She continued, “The other thing that’s happening right now in the mental status of the people around our communities in Franklin County is generosity. The most generosity that I have seen emerge since I have lived here sixteen years. I’m sure there has been other times but this, it just brings out the very best in people also. So, people who are coming to the fore and serving one another, making certain people have food, making certain people have masks, making certain everybody’s medications are picked up and that no one is lonely and that the children are entertained. This kind of generosity is a wonderful way to combat the sense of helplessness that we all feel against the Corona virus. So it’s natural for us to feel helpless and what I’ve seen happen here in our county is a huge outpouring of help. And that’s one way to deal with the sense of helplessness is do what you can and that’s what I’m seeing happening. So that’s a really positive thing.” She had also noticed that there has been varying responses to those who are more often struggling with life’s stresses. “People who have chronic mental illnesses tend to actually feel sort of better during these times because it’s almost like now the playing field is level, and everyone is on the same page. So for people with chronic mental illnesses oftentimes they will feel more normal because everyone else is stressed out at the same time.”

She expressed what I thought was a realistic optimism and upward trend in people’s attitude. “But for the most part I see people are doing pretty well. They’re exercising their right to be angry. They’re exercising their right to help and be generous and everybody seems to be working well together and supporting one another. I’ve seen some of the most vulnerable families have risen to the occasion and are working well together. So that’s what I’m noticing. Yes, I’m seeing a lot of fear and anger, and people that are angry don’t always know that it’s because they are afraid, they think it’s just because they’re righteous, but anger is a secondary emotion, it’s in response to something else. There’s a place that people can point their anger and it’s typically right now it’s political and so then it’s just interesting to observe that. In other words psychologically that they feel really angry and perhaps instead of being angry with their spouse, they’re angry with the governor, they’re angry with the president, they’re angry with whoever is out there making this happen, you know is causing this all to happen because that’s how they view it. So, you’ll see the anger is being pointed primarily at politicians, at people in charge, at the governments, lots of anger pointed that way. The anger is grieving, it’s the beginning of grieving. People move through that mindset.”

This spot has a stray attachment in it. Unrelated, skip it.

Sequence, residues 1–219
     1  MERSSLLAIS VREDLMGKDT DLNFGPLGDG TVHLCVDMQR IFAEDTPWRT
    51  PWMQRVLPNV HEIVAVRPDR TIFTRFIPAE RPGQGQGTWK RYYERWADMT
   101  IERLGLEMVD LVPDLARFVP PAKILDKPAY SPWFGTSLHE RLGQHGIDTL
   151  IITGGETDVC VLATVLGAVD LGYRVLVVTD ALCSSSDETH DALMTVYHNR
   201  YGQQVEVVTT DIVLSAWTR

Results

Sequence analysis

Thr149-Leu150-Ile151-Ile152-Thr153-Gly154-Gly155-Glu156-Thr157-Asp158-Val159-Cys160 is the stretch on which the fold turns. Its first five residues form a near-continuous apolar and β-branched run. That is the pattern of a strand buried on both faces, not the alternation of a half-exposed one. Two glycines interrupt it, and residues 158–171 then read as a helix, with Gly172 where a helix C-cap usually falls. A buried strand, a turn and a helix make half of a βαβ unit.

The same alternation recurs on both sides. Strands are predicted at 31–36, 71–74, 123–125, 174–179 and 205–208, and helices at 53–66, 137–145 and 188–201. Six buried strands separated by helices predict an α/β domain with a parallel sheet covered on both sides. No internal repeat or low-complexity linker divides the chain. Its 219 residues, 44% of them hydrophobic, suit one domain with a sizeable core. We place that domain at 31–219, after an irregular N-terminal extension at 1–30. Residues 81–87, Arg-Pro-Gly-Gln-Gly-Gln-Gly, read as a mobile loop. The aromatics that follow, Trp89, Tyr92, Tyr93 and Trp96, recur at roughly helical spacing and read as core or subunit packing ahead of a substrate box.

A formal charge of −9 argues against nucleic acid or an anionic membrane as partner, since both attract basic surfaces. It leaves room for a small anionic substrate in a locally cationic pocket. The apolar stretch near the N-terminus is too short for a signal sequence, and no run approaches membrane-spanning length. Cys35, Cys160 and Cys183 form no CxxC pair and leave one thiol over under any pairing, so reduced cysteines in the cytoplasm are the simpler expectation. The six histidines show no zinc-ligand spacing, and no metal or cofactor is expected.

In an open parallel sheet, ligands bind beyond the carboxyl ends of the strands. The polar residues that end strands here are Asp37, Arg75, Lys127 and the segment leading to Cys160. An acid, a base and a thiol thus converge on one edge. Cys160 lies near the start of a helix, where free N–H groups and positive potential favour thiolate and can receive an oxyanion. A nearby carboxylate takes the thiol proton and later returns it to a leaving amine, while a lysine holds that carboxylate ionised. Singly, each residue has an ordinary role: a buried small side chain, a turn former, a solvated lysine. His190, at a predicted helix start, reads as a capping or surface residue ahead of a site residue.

If you’ve ever met Dr. Sanders then you are probably not surprised she concluded our conversation with notes of positivity. “I am pleased at how many people are coming around that were not thinking this way in the beginning. I am pleased at how people are slowly coming to understand and accept what is happening and people who would normally be stomping their foot are putting on a mask.”